• Dylan Kessler (Director of Operations at Primrose Retirement Communities and graduate of the private conservative liberal arts Hillsdale College, which teaches a curriculum based on “western heritage.”)
  • Aaron Levisay (FM Supervisor at US Military)
  • Christopher Motz (Executive Director of South Dakota Catholic Conference)
  • Shaun Nielsen (S.D. educator)
  • Fred Osborn – State Director of Indian Education
  • Jon Schaff (Northern State University Professor of Government/Director of the Center for Public History and Civic Engagement)
  • Mary Shuey (South Dakota educator with an expired certification)
  • State Representative Tamara St. John (Republican State Rep. from Sisseton)
  • Samantha Walder (South Dakota educator)
  • State Senator John Wiik (Republican State Sen. from Big Stone City)

Of the 15 members of the new group, only 5 — Finzen, Hiatt, Nielsen, Shuey and Walder — appear to be or have been public school teachers.

Of those five, only Hiatt, Nielsen and Walder are currently certified by the South Dakota DOE. Shuey’s certification expired in 2020, while Finzen has never been certified in South Dakota and teaches in Nebraska.

This means that of the 15 members of the new workgroup, only three, or 20%, are DOE-certified educators in South Dakota. That’s compared to 70% of the members of the original workgroup.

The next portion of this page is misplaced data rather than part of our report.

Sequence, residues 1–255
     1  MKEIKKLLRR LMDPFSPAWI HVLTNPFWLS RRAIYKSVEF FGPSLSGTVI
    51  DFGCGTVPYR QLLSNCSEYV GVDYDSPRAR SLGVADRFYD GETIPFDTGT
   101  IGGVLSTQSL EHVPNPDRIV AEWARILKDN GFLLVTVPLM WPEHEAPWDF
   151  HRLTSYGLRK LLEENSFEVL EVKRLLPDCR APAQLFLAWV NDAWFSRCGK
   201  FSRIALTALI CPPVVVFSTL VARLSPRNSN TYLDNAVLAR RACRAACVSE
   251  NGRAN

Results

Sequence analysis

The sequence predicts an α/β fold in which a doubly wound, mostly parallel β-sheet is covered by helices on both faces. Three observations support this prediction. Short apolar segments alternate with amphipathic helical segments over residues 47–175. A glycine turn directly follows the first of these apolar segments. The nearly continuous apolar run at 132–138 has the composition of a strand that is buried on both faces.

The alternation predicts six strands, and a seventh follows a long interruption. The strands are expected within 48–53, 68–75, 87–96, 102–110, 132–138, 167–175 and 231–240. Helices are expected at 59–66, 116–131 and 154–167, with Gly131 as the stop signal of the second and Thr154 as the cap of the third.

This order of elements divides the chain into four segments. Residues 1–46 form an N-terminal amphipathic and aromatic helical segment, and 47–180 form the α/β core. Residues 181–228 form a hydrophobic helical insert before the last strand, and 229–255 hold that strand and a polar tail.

Meanwhile, 11 of the members of the new group have never been certified as educators by the DOE. This accounts for 73% of the group. Comparatively, only 18% of the original group had never been certified.

The members themselves have also drawn interest.

As already noted, few public school teachers have been included this time around. Additionally, only three members of the new workgroup are believed to be members of tribal communities. These are Tamara St. John, a Republican State Representative and member of the Sisseton Wahpeton Oyate Tribe; Joe Circle Bear, listed as a member of the Cheyenne River Sioux Tribe; and Stephanie Hiatt, an alumni of the University of Sioux Falls and a member of the Seminole Tribe in Florida.

It is currently unknown to KELOLAND News if any other members are part of tribal communities.

Other additions to the group include Mark Miller, Gov. Noem’s Chief of Staff, who will serve as group chair; Dylan Kessler, who serves as director of a retirement community; Aaron Levisay, a former facility manager for the military; Republican State Sen. John Wiik; and Christopher Motz, Executive Director of the South Dakota Catholic Conference.